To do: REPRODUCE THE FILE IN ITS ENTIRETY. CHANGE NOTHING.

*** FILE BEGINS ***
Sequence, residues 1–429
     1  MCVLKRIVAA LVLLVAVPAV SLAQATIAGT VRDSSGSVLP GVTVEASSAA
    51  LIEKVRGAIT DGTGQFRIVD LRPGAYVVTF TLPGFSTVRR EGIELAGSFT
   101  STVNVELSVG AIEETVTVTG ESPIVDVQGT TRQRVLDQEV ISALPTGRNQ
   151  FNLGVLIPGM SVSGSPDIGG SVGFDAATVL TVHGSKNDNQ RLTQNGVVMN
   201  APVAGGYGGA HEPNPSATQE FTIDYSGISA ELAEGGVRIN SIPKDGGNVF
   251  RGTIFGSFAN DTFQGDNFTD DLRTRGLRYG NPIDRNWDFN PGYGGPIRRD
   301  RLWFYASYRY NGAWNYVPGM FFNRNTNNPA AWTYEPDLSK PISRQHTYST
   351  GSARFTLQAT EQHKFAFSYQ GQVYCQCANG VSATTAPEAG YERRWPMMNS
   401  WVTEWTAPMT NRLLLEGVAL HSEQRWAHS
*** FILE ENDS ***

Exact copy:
Sequence, residues 1–429
     1  MCVLKRIVAA LVLLVAVPAV SLAQATIAGT VRDSSGSVLP GVTVEASSAA
    51  LIEKVRGAIT DGTGQFRIVD LRPGAYVVTF TLPGFSTVRR EGIELAGSFT
   101  STVNVELSVG AIEETVTVTG ESPIVDVQGT TRQRVLDQEV ISALPTGRNQ
   151  FNLGVLIPGM SVSGSPDIGG SVGFDAATVL TVHGSKNDNQ RLTQNGVVMN
   201  APVAGGYGGA HEPNPSATQE FTIDYSGISA ELAEGGVRIN SIPKDGGNVF
   251  RGTIFGSFAN DTFQGDNFTD DLRTRGLRYG NPIDRNWDFN PGYGGPIRRD
   301  RLWFYASYRY NGAWNYVPGM FFNRNTNNPA AWTYEPDLSK PISRQHTYST
   351  GSARFTLQAT EQHKFAFSYQ GQVYCQCANG VSATTAPEAG YERRWPMMNS
   401  WVTEWTAPMT NRLLLEGVAL HSEQRWAHS